Handiham World for 22 February 2012

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Have you ever belonged to a book club or discussion group? Sometimes public libraries or local bookstores sponsor such activities. The idea is for everyone in the group to read a book and then come together to discuss it in a relaxed and cordial atmosphere. 
I started thinking about this idea of having a discussion group while I was listening to one of our Handiham nets. As luck would have it, I was also browsing through the e-mail from my local radio club and one of the messages in my inbox had a list of potential radio club program topics. The idea of the book club discussion group and the message about radio club program topics started to mix and merge in my brain. Perhaps it would be a good idea to have a discussion topic on a regular basis during one of our nets, but make it related to a particular article about ham radio, much the same as a book club would discuss a particular novel. This would be different than the trivia net in that a roundtable discussion would be essential to make it work. The norm in many amateur radio nets is for the net control station to run the net in what I will call a “linear” format. In other words, the net control station opens the net with a preamble and then follows a pattern of calling for stations to check in with traffic or announcements or just to get on the station list for that day. Once checked into the net, a station operator need not feel obligated to check in a second or third time. In fact, if the net is run in this kind of linear format, the expectation is that permission will be requested from the net control station to “re-check” because it is assumed that once a station has checked in the net will move on to each new check-in in succession.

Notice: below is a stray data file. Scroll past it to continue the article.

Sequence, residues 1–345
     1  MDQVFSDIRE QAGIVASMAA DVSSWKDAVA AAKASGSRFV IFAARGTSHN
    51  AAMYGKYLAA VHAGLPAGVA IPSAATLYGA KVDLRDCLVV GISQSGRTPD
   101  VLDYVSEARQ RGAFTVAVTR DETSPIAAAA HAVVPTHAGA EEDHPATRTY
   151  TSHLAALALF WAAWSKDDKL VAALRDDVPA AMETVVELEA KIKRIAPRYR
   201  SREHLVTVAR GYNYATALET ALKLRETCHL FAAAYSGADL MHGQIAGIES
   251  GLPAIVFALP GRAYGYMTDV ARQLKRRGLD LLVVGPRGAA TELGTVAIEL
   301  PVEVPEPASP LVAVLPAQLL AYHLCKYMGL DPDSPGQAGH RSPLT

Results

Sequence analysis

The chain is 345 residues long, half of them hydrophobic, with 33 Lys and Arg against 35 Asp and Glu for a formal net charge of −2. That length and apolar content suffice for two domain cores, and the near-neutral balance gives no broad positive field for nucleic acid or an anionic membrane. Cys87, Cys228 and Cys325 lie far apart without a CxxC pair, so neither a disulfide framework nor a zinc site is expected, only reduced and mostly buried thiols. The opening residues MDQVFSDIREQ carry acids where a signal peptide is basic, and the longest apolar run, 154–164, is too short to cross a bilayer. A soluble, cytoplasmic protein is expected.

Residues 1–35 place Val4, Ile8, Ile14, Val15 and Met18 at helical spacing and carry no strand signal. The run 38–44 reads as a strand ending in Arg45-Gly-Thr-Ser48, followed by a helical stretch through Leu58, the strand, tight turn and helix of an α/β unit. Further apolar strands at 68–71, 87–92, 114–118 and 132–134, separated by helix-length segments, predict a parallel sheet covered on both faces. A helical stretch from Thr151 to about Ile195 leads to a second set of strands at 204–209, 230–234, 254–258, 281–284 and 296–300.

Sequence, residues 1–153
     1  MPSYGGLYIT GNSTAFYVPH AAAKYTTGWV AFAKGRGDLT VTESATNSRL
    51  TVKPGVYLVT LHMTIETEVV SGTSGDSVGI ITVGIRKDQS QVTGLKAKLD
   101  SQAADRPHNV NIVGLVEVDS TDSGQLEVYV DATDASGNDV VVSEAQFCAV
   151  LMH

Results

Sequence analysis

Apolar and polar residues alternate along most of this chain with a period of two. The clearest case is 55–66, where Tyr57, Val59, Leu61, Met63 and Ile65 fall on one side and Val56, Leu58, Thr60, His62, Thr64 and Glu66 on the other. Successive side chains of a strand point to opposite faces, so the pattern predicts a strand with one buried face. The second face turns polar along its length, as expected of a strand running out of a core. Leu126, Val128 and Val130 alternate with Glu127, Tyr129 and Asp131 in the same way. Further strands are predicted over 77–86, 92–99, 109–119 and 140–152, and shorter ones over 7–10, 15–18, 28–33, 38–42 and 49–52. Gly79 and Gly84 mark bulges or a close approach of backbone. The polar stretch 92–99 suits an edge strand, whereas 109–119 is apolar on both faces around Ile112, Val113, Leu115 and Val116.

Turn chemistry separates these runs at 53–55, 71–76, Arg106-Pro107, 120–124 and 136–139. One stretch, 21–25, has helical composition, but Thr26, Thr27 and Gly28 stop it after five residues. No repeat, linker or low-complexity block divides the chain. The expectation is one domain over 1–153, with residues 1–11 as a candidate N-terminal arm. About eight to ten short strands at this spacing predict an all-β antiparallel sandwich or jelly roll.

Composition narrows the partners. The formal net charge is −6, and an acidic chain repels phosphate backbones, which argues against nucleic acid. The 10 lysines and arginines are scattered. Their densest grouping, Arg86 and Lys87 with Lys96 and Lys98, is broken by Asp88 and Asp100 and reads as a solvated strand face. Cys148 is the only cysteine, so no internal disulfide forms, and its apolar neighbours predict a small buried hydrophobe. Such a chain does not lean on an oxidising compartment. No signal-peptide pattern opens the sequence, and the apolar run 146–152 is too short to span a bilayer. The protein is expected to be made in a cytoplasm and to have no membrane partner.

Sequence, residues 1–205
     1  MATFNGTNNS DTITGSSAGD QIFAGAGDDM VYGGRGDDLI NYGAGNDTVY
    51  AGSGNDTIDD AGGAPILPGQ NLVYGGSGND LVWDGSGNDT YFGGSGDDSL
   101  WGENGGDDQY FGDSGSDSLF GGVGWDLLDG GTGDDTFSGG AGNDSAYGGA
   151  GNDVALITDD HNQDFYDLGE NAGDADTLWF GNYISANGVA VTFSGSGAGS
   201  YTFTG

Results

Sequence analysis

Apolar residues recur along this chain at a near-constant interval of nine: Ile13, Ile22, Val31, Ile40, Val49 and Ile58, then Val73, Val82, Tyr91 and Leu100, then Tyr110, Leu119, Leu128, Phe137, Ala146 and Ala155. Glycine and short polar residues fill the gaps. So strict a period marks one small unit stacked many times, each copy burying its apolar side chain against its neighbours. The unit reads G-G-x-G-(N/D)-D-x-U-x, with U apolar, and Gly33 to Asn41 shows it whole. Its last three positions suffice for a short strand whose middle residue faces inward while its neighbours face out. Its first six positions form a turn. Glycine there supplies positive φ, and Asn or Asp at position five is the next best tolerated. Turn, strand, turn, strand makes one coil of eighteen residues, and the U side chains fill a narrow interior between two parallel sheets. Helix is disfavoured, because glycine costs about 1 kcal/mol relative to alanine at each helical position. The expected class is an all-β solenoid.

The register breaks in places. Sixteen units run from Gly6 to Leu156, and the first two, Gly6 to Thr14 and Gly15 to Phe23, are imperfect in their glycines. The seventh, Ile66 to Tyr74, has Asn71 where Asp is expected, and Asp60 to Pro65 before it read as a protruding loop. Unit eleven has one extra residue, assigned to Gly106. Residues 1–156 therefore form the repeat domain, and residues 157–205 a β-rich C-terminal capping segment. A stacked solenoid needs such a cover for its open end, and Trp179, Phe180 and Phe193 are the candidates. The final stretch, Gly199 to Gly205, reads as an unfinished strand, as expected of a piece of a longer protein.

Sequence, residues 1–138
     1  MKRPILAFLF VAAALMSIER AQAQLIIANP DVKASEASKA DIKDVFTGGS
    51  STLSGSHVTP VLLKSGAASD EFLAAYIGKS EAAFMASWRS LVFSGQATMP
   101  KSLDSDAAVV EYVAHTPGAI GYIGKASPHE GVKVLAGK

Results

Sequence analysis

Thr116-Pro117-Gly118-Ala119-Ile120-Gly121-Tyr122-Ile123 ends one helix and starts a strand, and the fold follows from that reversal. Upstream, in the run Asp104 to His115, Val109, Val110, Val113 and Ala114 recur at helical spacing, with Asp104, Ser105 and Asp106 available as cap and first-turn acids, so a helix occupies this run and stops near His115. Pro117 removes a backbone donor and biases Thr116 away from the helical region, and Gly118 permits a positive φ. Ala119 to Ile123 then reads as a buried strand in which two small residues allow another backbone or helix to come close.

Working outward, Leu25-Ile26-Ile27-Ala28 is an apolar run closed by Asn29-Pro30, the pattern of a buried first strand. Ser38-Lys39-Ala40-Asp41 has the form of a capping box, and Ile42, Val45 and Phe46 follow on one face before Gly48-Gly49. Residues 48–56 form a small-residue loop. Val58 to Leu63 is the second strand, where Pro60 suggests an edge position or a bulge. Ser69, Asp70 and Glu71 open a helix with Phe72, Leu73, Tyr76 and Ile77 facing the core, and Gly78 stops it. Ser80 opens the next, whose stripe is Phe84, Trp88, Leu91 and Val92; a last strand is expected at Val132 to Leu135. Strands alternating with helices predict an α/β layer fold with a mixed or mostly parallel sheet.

Of course this kind of linear format will not work in a discussion net. By its very nature, a discussion requires back-and-forth dialogue as ideas and concepts are presented and then commented on by the group. If you were sitting in a room at the library or bookstore with other book club members who have read the book of the month that has been assigned for discussion, how would you prefer that the chairs be arranged? My preference would be to put them in a circle rather than in a long line along one wall of the room. Having chairs in a circle promotes discussion, and what we want in a discussion group is the interchange of ideas. It is not an accident that this kind of ham radio net is called a “roundtable”. Sitting around the table encourages discussion.